within the limits prescribed by the abovementioned acts, and which has now become the per

manent seat of the Government of the United CITY OF WASHINGTON.

States. That the President, agreeably to theabove

recited acts, appointed, and by supplying vacan[Communicated to Congress, January 30, 1801.]

cies which have happened by resignation and Gentlemen of the Senate, and

death, has kept in appointment, three CommisGentlemen of the House of Representatives :

sioners, for the purposes in the said acts declared. I transınit to Congress, for their consideration, a

That the proprietors of the lands on which the letter from William Thornton, Alexander White,

City of Washington is laid out, by their several and William Cranch, Esquires, Commissioners of deeds, dated in or about the month of June, 1791, the City of Washington; with a representation conveyed the said lands to Thomas Beall

, of of the affairs of the city, made by them to the George, and John M. Gantt, and the survivor of President of the United States, dated January 28, be laid out in a Federal city, with such streets,

them, and the heirs of such survivor, in trust, to 1801, accompanied with a series of documents marked from A to H, inclusively.

squares, parcels, and lots, as the President of the

United States for the time being should approve;

JOHN ADAMS.
UNITED STATES, January 30, 1801.

and that the said Thomas Beall, of George, and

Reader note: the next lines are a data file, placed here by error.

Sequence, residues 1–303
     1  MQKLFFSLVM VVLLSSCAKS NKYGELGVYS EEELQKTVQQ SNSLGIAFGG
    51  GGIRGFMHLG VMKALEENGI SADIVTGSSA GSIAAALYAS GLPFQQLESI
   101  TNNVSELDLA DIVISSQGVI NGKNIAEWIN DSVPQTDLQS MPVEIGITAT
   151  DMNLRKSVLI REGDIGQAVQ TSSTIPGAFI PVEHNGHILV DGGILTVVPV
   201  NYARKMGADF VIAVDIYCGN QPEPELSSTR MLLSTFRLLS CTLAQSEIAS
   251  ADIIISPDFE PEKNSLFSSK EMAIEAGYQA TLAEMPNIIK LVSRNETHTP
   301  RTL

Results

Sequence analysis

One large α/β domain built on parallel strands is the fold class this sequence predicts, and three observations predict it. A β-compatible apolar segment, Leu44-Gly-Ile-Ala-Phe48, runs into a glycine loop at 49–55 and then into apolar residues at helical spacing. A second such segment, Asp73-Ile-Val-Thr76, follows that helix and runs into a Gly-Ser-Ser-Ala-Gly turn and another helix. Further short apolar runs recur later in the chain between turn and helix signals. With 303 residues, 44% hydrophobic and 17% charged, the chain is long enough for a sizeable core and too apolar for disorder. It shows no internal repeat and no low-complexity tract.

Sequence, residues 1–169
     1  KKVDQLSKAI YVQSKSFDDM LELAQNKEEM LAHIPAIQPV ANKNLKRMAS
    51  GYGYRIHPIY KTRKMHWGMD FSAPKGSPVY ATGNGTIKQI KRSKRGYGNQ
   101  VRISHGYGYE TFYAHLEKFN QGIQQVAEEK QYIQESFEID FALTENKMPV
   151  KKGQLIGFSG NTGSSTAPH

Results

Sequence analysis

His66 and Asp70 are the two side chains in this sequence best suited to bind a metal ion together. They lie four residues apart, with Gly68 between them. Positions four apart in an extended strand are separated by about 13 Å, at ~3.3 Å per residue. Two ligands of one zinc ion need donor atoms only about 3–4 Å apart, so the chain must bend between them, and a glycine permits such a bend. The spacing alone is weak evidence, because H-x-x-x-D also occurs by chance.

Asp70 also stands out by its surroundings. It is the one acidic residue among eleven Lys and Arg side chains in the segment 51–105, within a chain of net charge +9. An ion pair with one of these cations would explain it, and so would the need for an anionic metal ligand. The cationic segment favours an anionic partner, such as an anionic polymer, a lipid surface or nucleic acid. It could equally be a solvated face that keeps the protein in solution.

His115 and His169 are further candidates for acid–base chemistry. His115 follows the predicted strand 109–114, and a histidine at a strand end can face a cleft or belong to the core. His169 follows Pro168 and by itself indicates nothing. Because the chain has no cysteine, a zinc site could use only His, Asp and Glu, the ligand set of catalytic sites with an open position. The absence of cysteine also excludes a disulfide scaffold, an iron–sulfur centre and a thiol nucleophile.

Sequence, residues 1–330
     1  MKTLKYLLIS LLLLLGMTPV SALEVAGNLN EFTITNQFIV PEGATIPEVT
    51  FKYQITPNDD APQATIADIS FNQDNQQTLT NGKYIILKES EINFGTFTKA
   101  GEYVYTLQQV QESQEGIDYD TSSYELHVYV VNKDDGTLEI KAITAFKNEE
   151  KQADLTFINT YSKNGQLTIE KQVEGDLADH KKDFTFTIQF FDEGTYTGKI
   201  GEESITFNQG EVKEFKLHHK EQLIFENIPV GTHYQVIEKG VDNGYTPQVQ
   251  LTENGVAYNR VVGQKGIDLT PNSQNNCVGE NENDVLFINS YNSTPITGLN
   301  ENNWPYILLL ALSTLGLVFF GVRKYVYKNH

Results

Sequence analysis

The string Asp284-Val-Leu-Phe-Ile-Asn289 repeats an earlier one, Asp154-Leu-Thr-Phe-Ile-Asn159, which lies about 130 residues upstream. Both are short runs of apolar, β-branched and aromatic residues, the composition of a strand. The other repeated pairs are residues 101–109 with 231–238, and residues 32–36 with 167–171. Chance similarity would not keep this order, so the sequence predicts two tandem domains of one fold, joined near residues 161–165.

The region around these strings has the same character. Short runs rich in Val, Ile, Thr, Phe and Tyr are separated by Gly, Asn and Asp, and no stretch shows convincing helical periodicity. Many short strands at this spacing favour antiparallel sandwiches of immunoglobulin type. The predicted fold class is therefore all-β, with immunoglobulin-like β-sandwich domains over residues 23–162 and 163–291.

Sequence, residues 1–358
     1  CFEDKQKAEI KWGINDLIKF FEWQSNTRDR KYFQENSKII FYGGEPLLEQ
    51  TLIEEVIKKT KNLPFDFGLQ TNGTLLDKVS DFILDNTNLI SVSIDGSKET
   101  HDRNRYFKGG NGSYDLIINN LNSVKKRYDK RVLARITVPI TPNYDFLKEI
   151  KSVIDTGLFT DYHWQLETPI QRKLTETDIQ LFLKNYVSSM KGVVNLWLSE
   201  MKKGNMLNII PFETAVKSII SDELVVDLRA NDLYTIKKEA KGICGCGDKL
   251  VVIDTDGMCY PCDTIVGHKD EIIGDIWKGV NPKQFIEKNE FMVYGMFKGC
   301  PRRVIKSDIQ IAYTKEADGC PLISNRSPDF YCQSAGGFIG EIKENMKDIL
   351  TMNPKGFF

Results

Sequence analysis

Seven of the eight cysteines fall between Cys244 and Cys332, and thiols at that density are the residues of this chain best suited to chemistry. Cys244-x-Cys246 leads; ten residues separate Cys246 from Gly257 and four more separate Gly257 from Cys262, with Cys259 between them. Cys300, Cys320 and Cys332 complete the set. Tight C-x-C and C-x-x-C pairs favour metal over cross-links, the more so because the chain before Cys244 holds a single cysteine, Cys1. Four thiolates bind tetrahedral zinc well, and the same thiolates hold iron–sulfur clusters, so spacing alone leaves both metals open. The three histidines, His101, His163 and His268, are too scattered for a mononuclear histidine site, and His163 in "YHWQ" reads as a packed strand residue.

John M. Gantt, or the survivor of them, or the

heirs of such survivor, should convey to the ComCOMMISSIONERS' Office, Jan. 28, 1801. missioners, for the time being, and their succesSir: We do ourselves the honor to present to sors, for the use of the United States, forever, all you a state of the business under our care, and of the streets, and such of the said squares, parcels, ihe public property belonging to the Federal seat, and lots, as the President should deem proper for with an estimate of its value, founded, not on the use of the United States, forever; and that as mere supposition, but on the average of former to the residue of the lots, into which the said lands sales.

should be laid off, that a fair and equal division This report would have been made at an earlier should be made of them in the manner in the said day, had it not been delayed by the unfortunate deeds of trust specified, and that the part assigned death of Mr. Scott.

to the public should be sold at such times and in We have the honor to be, with sentiments of such manner, and on such terms and conditions, the highest respect, sir, your most obedient ser- as the President of the United States for the time vants,

being should direct; and that the said trustees, or WILLIAM THORNTON, the survivors of them, or the heirs of such surviALEXANDER WHITE, vors, should, on the order of the President, conW. CRANCH.

vey all the said lots, so sold and ordered to be conThe President of the United States.

veyed, to the respective purchasers, in fee simple,